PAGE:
LDS Church Stats, Figures, and "Go Figures"
- The Church of Jesus Christ of Latter-day Saints was the first post New Testament church that actually had the name Jesus Christ in it's title. Up to then every Christian church was named after a man or religious movement.
- There have been 16 Prophets and 96 Apostles since the Restoration.
- The original printing of the Book of Mormon consisted of 5,000 copies. Since 1830, when the book was first published, 150 million copies have been printed in 107 different languages (as of August 2008). In 2005, 4,621,515 were distributed.
- Egbert B. Grandin was 23-years-old when he published the Book of Mormon. Grandin rejected Joseph Smith's first request to publish the translation, thinking it a fraud but more so because he was worried he wouldn't make money on the deal because he didn't think anyone would buy the book. After he found out Joseph was getting it published anyway he relented but charged Joseph an exorbitant $3000 upfront for 5000 copies. To give you an idea of how steep this amount was, if Grandin were publishing it today the upfront cost would be $64,600.
- The original translated Book of Mormon manuscript done by Oliver Cowdery didn't have any punctuation or capitalization. John H. Gilbert, Grandin's chief compositor, spent his evenings adding them all in by hand for the printing.
- It took eight men and boys working 12 hours a day, six days a week, for almost eight months to print the original 5,000 copies of the Book of Mormon.
- In 1830, the Book of Mormon was sold for 6 cents a copy, to cover the cost of the printing. An original printing of the Book of Mormon just sold at Swann Auction galleries New York, NY on March 22nd 2007 for $150,000.00 plus 20% buyers premium bringing the selling price to $180,000.00! But then again, you can get a free copy from the missionaries...go figure.
- In 1851, the Book of Mormon was translated and published in Danish. This was the first modern non-English translation of the Book of Mormon.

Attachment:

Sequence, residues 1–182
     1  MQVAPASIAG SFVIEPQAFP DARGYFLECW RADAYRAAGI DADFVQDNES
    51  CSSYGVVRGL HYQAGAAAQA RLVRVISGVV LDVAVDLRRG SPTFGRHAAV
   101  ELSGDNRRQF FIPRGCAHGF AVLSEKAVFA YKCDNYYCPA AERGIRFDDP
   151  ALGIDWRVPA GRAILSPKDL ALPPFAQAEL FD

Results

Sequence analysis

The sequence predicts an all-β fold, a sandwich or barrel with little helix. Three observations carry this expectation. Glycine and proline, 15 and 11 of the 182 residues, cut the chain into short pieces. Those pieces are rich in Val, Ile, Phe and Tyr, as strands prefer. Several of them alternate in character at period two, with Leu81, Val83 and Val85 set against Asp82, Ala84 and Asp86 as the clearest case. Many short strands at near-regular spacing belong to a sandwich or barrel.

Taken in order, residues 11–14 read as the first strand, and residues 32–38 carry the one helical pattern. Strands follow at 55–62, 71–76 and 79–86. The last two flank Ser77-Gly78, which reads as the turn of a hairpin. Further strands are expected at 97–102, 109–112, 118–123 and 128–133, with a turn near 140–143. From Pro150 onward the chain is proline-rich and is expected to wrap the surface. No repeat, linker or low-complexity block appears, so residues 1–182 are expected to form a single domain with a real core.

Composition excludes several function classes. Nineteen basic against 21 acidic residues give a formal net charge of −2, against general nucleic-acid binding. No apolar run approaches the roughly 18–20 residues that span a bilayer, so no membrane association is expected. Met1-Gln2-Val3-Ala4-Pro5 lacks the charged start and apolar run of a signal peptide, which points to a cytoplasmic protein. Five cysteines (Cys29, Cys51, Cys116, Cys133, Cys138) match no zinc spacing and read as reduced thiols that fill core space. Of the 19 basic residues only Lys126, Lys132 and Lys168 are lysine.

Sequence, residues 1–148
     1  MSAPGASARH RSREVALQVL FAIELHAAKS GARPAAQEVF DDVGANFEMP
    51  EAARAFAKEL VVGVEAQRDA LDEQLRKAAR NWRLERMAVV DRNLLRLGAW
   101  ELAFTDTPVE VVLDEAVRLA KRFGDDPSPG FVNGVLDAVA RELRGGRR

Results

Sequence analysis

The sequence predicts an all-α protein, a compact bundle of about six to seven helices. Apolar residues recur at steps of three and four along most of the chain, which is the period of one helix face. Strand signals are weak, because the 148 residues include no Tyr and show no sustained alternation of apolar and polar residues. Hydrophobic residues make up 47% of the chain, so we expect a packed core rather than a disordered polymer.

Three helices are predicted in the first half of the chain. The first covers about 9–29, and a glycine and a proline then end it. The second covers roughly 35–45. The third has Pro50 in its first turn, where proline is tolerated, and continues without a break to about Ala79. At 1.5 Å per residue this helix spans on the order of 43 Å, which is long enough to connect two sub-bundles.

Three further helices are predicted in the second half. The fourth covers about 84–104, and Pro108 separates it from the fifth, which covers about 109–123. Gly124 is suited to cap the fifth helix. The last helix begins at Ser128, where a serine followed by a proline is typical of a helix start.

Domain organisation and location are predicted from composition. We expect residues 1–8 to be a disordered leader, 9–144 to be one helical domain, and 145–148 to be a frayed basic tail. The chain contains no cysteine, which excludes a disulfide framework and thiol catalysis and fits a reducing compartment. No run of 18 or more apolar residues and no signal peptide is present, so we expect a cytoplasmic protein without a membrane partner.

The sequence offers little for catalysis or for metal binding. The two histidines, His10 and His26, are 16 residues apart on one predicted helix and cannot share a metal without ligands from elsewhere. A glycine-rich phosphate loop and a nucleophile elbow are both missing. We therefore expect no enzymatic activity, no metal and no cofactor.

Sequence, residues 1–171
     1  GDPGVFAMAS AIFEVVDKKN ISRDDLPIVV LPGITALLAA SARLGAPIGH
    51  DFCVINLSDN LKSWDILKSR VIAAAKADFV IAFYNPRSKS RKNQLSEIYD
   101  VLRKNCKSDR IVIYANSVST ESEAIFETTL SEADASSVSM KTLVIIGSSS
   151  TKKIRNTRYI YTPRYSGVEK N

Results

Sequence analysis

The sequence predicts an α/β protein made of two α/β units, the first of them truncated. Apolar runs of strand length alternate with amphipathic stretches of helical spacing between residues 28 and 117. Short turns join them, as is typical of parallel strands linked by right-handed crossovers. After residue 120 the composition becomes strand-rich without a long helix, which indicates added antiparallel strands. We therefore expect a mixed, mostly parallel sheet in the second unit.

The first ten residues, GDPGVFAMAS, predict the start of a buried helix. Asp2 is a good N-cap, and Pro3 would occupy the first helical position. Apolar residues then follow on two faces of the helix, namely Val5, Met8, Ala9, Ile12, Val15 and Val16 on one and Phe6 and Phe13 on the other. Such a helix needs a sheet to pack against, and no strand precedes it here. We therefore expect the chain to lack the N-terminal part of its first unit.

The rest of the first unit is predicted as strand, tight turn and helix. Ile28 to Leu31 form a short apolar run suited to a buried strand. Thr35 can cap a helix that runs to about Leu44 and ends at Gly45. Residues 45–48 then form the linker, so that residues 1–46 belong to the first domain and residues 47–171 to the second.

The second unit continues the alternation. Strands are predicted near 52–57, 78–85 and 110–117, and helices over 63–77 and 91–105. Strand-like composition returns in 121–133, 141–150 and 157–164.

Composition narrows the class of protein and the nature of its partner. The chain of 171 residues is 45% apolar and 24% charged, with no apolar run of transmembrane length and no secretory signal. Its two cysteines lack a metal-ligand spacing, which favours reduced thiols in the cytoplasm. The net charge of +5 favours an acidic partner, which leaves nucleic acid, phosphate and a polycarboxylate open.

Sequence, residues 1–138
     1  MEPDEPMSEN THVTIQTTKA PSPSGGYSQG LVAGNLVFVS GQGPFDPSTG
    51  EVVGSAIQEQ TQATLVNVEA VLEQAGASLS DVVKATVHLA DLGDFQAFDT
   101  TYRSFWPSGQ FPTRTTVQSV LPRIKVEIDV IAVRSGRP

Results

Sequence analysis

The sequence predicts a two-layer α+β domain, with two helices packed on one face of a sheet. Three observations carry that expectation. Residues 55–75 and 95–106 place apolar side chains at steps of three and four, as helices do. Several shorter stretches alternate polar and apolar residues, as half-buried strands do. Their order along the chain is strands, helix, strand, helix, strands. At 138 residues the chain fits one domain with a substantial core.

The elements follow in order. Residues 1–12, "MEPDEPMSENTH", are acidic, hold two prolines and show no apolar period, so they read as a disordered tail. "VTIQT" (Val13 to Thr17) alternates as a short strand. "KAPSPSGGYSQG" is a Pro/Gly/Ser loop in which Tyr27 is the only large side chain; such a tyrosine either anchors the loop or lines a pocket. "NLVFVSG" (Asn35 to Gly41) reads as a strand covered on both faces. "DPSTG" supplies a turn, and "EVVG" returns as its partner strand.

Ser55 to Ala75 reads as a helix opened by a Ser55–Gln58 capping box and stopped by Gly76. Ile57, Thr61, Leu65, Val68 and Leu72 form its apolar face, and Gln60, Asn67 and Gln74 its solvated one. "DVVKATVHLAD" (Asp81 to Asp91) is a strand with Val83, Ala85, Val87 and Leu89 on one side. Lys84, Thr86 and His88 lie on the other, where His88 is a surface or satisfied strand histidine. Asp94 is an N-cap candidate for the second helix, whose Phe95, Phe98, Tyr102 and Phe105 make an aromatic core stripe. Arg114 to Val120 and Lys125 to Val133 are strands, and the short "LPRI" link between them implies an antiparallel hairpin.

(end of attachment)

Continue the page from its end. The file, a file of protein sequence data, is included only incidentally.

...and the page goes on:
- The Church of Jesus Christ of Latter Day Saints was officially organized on April 6th 1830 in Fayette, New York. There were 6 members of the church, and around 50 other people in the Whitmer home at that first meeting. Today, the Church has approximately 14,441,346 members, 28,784 congregations, and is in 155 countries.
- In May 2007, the Church sent out the 1 millionth missionary.
- The Church announced that women could be called to serve missions during the April 1898 general conference. The first two sister missionaries were Sister Inez Knight and Sister Jennie Brimhall. They were called to the England Mission.
- In 1845, Nauvoo was the second largest city in Illinois by population, just behind Chicago.
- 14,000 Mormons were in the first wave of pioneers being forced out of Nauvoo, Illinois in the winter of 1846. The vanguard group of pioneers finally made it to the Salt Lake Valley in July 1847. The Mormon Pioneers traveled 1,300 miles from Nauvoo to the Salt Lake Valley. From 1847 to 1868, over 70,000 pioneers immigrated to Utah, many coming from Europe. Between 4000 and 5000 Mormons died on the trek to Utah during this 20 year period.
- The October 2014 General Conference was the first broadcast to include General Authorities born in countries outside the United States giving talks in their native languages. Elder Chi Hong (Sam) Wong of the Seventy delivered his address in Cantonese.
- The Mormons settled more of the Western United States and North America than any other group of people. Brigham Young directed the colonization of approximately 400 towns and settlements by Mormons in Utah, Arizona, California, Idaho, Nevada, Wyoming, Canada and Mexico. Including Salt Lake City, Utah; Las Vegas, Nevada; San Bernadino, California; and Mesa Arizona.
- The Relief Society is the oldest active and one of the larger women's organizations in the world. It was established in 1842.
- Currently, women outnumber men in membership. Appx. 53%-47%.
- The Mormon Tabernacle Choir is the worlds largest full time choir. It has 360 members. The reason it has 360 members is because that's how many seats were in the choir rostrum of the Tabernacle.
- The Choir has been broadcasting "Music and the Spoken Word" since July 15, 1929. It holds the record for the longest continual broadcast of any network show.
- The Salt Lake Tabernacle, on temple square, is one of the only free standing buildings in the world. There are no support beams holding up the roof. It's oval ceiling is an acoustical marvel because you can hear a pin drop from any distance in the main auditorium.
- The first general conference in the Tabernacle was held in April 1867, the last one was held October 1999. In April 2007, the afternoon session of General Conference was held in the tabernacle to rededicate it. It had been closed for remodeling for 2 years while it was retrofitted to make it earthquake proof.
- Over the last 30 years, The Church Welfare System has donated $1.2 trillion (US Dollars) in cash assistance, medical equipment, food, clothing, disaster relief and other material goods to 178 countries.